When in Doubt, It's Sugar Over Fat

Standing in front of yet another heaped holiday buffet, you find yourself debating a lesser-of-two-evils question: Which is worse, fatty foods or sugary goodies?

"If you have to indulge, go for the sugar," says Jody Lander Spector, a dietitian who directs a weight-control program at St. Vincent Medical Center. "Fat has double the amount of calories, gram for gram, as a carbohydrate like sugar."

Evelyn Tribole--an Irvine dietitian and American Dietetic Assn. spokeswoman, is in agreement: "Peppermint candies, for instance, are pretty much fat-free."

Some goodies, of course, have both fat and sugar, so the trick is to minimize the fat. "Choose fruit pies over cream or nut pies, which have more fat," says Spector. Adds Tribole: "When you eat pie, leave most of the crust. That's where much of the fat is."

Above all, once you've picked your poison, enjoy it. "If you're going to indulge," Tribole says, "have something you really like that is not available other times of the year. And savor the moment."

Year-End Evaluations Fill Personal Needs

Year-end reviews aren't just mainstays of the media.

Self-evaluation of the year's events and accomplishments is common for most people, therapists say.

What's behind our need to rehash the past?

"Part of rehashing is facing our own aging," says Marc Schoen, a psychologist at Cedars-Sinai Medical Center. "Reviewing accomplishments helps us decide if we're moving fast enough through life, if we're accomplishing what we set out to do. It also represents our desire to learn from the past and to gain perspective."

Dr. Edward Stainbrook, USC professor emeritus of psychiatry and behavioral sciences, agrees: "It's a way to become more cognizant of who you are and where you're going. It's an effort to boil down the year's experience into something that makes sense."

Year-end evaluations can help us formulate new goals and directions, Schoen says. To do that, individuals must move from evaluating to resolving, Schoen and Stainbrook agree.

Rehashing too much can be counterproductive. "People who focus too much on the past can hold themselves back," Schoen says. "And focusing exclusively on failures rather than successes can be a way of punishing themselves."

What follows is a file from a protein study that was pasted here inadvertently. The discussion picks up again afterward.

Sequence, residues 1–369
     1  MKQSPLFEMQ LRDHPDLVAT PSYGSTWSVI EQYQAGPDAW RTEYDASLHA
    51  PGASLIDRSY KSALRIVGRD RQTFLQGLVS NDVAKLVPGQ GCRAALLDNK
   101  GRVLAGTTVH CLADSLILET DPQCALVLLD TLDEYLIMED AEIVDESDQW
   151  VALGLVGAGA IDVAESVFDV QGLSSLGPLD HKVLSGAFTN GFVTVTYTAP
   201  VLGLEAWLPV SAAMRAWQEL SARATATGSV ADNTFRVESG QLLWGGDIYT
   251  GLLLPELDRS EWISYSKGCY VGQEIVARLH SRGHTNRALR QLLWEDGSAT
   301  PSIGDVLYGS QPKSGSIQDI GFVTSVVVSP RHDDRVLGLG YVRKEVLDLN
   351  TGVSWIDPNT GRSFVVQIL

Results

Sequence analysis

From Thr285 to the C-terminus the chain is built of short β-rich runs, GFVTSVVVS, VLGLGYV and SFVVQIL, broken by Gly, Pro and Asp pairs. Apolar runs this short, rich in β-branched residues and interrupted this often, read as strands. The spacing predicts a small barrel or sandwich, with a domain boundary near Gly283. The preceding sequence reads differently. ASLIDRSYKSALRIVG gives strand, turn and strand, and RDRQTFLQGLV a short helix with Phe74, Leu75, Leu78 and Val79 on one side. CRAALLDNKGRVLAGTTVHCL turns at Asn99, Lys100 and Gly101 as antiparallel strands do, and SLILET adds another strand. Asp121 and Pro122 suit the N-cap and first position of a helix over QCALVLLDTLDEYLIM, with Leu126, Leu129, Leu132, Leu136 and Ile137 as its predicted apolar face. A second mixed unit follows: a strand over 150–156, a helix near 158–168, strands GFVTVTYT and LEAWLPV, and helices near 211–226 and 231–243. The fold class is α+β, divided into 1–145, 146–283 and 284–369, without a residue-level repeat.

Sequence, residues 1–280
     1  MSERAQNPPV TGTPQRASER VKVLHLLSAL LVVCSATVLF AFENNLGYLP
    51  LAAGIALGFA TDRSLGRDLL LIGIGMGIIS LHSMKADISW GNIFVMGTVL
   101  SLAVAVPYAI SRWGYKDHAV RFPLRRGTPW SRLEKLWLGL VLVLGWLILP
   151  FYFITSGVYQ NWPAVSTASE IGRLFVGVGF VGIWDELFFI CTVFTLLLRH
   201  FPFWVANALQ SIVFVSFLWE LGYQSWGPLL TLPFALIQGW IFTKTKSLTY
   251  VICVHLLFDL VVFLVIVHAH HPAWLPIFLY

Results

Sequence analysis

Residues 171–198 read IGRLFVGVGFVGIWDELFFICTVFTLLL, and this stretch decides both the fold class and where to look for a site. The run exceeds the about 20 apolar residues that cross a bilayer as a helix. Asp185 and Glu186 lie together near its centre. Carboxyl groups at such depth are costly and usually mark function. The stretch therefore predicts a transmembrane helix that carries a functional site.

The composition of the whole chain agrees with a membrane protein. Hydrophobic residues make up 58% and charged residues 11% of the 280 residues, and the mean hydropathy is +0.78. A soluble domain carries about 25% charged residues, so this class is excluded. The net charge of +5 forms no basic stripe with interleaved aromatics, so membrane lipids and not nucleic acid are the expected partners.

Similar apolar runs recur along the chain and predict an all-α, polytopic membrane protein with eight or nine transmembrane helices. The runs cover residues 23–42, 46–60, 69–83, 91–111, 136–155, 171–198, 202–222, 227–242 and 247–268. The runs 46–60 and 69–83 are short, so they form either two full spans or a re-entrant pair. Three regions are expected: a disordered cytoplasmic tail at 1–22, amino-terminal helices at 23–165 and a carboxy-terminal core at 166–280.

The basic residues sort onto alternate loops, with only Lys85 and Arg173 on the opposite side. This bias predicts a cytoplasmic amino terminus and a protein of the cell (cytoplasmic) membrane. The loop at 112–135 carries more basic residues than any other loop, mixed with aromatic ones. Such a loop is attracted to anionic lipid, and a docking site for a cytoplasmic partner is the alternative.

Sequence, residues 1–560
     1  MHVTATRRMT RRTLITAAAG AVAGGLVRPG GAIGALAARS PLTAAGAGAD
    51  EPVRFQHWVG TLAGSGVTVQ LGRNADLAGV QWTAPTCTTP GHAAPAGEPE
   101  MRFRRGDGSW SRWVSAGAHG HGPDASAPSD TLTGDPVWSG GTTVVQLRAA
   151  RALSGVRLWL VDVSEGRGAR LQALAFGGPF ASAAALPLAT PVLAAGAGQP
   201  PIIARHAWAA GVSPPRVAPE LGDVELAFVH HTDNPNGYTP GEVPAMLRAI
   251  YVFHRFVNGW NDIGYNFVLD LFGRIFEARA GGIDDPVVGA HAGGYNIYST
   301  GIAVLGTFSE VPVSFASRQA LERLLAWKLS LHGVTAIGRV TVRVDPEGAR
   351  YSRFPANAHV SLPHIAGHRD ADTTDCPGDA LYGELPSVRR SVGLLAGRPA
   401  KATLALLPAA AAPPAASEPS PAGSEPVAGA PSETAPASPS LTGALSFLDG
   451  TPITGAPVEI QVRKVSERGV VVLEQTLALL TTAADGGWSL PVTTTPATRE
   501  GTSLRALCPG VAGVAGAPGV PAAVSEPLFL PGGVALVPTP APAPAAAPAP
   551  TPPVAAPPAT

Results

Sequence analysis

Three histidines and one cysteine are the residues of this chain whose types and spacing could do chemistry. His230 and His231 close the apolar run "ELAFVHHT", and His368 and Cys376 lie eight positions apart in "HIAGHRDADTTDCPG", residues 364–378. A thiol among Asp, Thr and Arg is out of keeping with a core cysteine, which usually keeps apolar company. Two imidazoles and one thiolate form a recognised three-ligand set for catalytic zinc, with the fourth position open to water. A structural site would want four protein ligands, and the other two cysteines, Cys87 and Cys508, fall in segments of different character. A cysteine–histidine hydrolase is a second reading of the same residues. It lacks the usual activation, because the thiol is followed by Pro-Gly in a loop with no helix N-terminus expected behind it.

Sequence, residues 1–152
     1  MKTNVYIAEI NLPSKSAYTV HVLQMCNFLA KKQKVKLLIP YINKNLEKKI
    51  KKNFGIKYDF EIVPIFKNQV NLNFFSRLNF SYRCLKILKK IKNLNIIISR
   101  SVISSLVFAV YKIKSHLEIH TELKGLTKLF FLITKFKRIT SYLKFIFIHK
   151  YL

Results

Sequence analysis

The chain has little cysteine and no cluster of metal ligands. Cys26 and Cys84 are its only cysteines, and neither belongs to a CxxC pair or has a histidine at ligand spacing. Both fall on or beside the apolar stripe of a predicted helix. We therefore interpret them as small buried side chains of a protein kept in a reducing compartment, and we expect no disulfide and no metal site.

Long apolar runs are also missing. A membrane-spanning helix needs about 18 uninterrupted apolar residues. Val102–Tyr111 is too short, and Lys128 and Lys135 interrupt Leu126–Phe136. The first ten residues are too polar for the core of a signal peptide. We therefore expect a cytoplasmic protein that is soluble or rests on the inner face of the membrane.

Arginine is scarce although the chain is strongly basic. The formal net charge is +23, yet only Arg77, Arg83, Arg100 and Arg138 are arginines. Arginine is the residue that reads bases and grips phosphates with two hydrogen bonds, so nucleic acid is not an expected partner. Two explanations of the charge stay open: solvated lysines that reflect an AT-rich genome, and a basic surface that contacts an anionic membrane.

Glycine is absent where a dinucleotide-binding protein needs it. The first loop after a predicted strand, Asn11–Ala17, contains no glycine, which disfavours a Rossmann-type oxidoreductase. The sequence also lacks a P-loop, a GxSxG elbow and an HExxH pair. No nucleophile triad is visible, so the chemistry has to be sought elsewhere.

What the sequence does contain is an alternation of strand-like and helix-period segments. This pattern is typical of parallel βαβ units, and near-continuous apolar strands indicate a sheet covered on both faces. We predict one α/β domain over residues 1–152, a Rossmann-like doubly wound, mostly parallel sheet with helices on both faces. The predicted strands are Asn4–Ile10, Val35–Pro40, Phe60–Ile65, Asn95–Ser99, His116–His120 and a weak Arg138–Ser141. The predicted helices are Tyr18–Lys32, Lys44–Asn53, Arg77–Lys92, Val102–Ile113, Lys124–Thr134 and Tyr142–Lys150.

Step Up in Class With New Exercise Program

Bored with your same-old aerobics class? Try bench or step aerobics, a new twist in which exercisers work out to music while stepping up and down and back and forth on wooden or plastic benches. One foot is always on the floor.

Bench aerobics pack all the cardiovascular punch of conventional classes but little of the orthopedic impact, some experts claim.

The fitter the exerciser, the higher the bench. Beginners try 4-inch heights, the more advanced up to about 12 inches, says Richard Walsh, aerobics director of Mezzeplex in West Los Angeles, where two to three bench aerobics classes are offered daily.

Bench classes also will debut in early January at Voight Fitness & Dance Center, West Hollywood, says co-owner Henry Siegel. Other health clubs are expected to follow suit.

"Overall, it's wonderful exercise," says Kathie Davis of Idea, The Assn. for Fitness Professionals in San Diego, who recently evaluated bench aerobics. "It's low impact with creative moves. Exercisers can add variety by using arm weights."

"It feels much easier on the body than conventional aerobics," adds Robin Siegelman, 30, of Los Angeles, who takes several bench classes a week. "It helps tone lower-body muscles more than conventional classes."

Bench aerobics might also change the look of classes. Proponents hope its less choreographed form will attract more men than conventional aerobics, where women outnumber men 9-1.

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